You

know

the feeling:

you're

reading a book, and as

you

turn

every

Q~

page you're nodding i.n

agreement.

as if

the

writer has

popped

into your head and committed your

own

thoughts

to paper. This is

one

of

those

books. It's about being a

normal

birdwatcher, reasonably knowledgeable, constantly passionate,

but

often a bit confused as to ~O what you've seen

or

heard, and

INith

the

vague feeling that

everyone

" else you're

with knows

so

much more. It's

the book

for those

of us

who

find birdwatching pleasurable, not competitive,

and it's

terribly funny to boot.

I

ahvays smile,

now, when

I

see

a sparr

owha..w.

I urge

you

to

read

this book

to

find out why.

~

0: Field Guide to the DTagonflies and Oamselfties of Great

Britain and Northern Ireland

by

Sieve Brooks and Rit:hard lewington

You can't have a list of wildlife books without including a guide ~~ book. I've gone for this excellent little number, partly because it's "-\ dearly written and

well

laid out, partly because it's superbly illustrated, but mainly because a whole new world has opened up for me since buying it. If you've never looked closely at nature

631

before, this book will set you in the right direction, and I ",-guarantee that as you get to know these fascinating

creature~

you'll have new marvels to understand and enjoy every time you

Test 1

E: The Future of life

by

EO Wilson

Here's a fascinating book which is a great example of conservation-based writing. The ecological debate will always rage on - should mankind continue to experiment with new sciences and discoveries, or are we destroying our world and ourselves in the rocess -

',~~ ~;;:;;;~~~~;-;~;T,~~

ar umenls u rbl , iven by a

which

we

planet.

I

i I

F: The World's Vanishing Animals by eyril LiHlewood and DW

OVenden ~

An unashamedly nostalgic choice. Published in two volumes <mammals and birds) in

1969,

this was my introduction to the idea that extinction wasn't just for dinosaurs and dodos. I used to pore over Denys Ovenden's illustrations of familiar polar bears and black rhinos, and less familiar takahes and nyalas, and wonder whether I could do anything to help. Published by the Wildlife Youth Service, part of Peter 5cott's WWF i

11

action for young folk. Trouble is. we haven't fully listened to it. The book's dust jacket records that about 1,000 animal species were faced with extinction at time of publication: today, the World Conservation Union's Red Ust of animals about which to

be concerned contains over

16,000

entries.

G: The Peregrine by lA Baker

~

The last in my list is. perhaps oddly, a book I haven't yet read. I've included it because I've only recently heard about it, I can't wait to read it, and I don't see why I can't find something new in this list, as well as you. By all accounts, the book is a reminder of the wildness of England (it was published in 196n, and a tour de force of language as Baker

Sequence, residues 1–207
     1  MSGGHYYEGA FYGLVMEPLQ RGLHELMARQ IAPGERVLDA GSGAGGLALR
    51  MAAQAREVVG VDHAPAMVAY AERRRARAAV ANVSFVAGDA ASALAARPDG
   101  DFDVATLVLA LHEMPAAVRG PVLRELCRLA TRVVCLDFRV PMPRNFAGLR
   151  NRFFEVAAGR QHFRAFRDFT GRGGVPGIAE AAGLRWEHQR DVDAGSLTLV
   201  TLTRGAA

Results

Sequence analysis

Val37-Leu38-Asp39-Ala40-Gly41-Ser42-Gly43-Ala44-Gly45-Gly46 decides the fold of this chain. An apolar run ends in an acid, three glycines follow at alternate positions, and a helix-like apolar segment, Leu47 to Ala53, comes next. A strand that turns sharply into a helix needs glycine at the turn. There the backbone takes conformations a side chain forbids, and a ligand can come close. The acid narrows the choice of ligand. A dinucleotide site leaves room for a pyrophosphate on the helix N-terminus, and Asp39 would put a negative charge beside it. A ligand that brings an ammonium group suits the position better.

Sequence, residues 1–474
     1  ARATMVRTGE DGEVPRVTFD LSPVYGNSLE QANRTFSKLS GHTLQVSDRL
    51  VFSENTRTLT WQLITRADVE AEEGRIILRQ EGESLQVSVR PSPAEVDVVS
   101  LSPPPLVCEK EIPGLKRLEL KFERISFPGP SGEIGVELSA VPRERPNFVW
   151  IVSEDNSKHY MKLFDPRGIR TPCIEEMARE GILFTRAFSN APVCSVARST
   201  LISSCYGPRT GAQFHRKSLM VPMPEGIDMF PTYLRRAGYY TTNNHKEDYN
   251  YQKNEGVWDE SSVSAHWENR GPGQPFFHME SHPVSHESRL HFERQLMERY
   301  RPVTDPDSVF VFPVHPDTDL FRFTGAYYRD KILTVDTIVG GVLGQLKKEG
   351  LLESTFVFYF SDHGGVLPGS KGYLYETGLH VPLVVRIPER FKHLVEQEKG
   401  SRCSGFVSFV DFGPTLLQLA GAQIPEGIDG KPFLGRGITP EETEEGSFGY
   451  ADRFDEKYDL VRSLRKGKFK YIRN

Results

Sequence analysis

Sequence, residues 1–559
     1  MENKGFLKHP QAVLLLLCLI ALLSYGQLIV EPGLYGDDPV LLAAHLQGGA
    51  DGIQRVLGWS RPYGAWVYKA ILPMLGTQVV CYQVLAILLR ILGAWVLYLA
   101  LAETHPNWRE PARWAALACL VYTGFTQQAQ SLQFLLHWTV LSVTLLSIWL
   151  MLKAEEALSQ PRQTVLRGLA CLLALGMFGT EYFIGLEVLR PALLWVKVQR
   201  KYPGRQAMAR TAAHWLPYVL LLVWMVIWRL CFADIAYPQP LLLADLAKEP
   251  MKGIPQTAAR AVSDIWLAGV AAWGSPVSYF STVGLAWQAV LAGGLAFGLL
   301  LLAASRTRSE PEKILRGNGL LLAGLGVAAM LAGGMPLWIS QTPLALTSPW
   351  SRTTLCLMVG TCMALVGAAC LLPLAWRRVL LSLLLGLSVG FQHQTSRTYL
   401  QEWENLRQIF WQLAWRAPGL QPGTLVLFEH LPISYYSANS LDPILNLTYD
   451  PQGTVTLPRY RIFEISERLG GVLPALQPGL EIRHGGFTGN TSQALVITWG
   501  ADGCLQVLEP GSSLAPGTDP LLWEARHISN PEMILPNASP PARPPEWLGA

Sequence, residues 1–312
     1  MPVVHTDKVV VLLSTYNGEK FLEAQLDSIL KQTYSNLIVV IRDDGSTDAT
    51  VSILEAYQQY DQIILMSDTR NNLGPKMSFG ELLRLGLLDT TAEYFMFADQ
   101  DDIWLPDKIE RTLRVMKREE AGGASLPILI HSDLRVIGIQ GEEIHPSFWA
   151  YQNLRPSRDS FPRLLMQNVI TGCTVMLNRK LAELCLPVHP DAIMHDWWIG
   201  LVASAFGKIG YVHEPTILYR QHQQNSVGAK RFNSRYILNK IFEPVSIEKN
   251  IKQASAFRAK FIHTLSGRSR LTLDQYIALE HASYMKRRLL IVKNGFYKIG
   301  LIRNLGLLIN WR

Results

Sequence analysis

~~~-!-~!.:!!!j~¥:::~~:!,~

~

grippingly and compellingly,

(16)

PART 1

(1 hour

30

mins)

••

Exam

~

You

must

answer th

i

s question

.

Write y

o

ur an

s

wer

i

n

180..220 words

I

n an appropri

style

.

Both parts of Paper 2

take the same

number of marks

,

so

spend the same

length of time on

each one

.

1

You are a student at an international school. The prin

ci

pal of the school is looking for

venue for this year

'

s end-of-term party and has asked you to write a proposal suggesti

a suitable one

.

Read the memo

below

,

on which you have made some notes

,

the

notes you made aft

hearing

students

'

comments

about

last

year's party

and

the

advertisements fort\ovo possib

venues

.

Then.

using the information

appropriately

,

write

your proposal

f

or the princi

explain

i

ng why you think a different venue should

be chosen

this

year

.

recommencfing

.,

..,

(

(

(

(

of the

venues in

the

advertisements

and

explaining

why

it

may

cost

more

this

year .

em

n",1o

'/'"

fo' ,,¥U;~

n,

f><.Ip with

~

",9';~"

of

jj,;~ .".,,~ ooJ-~

po""!

,

lA,I.

'/'" t.ll

'"~

what

~

~tv~

jj,

..

g.t

of

Ixt

.".,,~

po,,",?

c..,.I

...e

oM-

~

<>ou

...

-,~

',9;'

jj,;~

.".,?

0.

pm'~

,,~

of

~

\'t:.tIlleI; '"

fhe:.

iiJlIe+"'fi~ I'~

~

wOllld

~e,. MOn:.

S:lJitab

le

?

A-I~,

do

~OV

thill/:::.

that

;all~

adJitioll;a/

fi";a~

wHl

~

'"1!';...d

fo'

jj,k

.".y'~ ~?

n,,~

'I""

',9;"

p~t.rtt""mond

(S<.hool Fn"'"P'i)

(

No

,

because

...

)

"

Yes, probably. (give reasons)

Notes from Students

'

comments

not enough

food

-

only

nlbblesl

hotel

Dj

'

s music unoriginal

'

movie stars' theme

successful

hotel venue a bit

formal/impersonal

r

Paradise

Club

8eachslde Nightclub

&

Restaurant

Available tor hire now for new

·

Hawaiian

Barbeque

'

night. Uve band on

request-Call us on 5984857

~

'IIII~

Need

a venue

for

Q

reception

,

conference

or party?

We offer hot or cold buffet, resident DJ,

speclof

price for

earlv

bookings

CoIl

Gory

ftJ!toes

at

G._

...

ParIc

M""",

on

987-4231

Figure

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References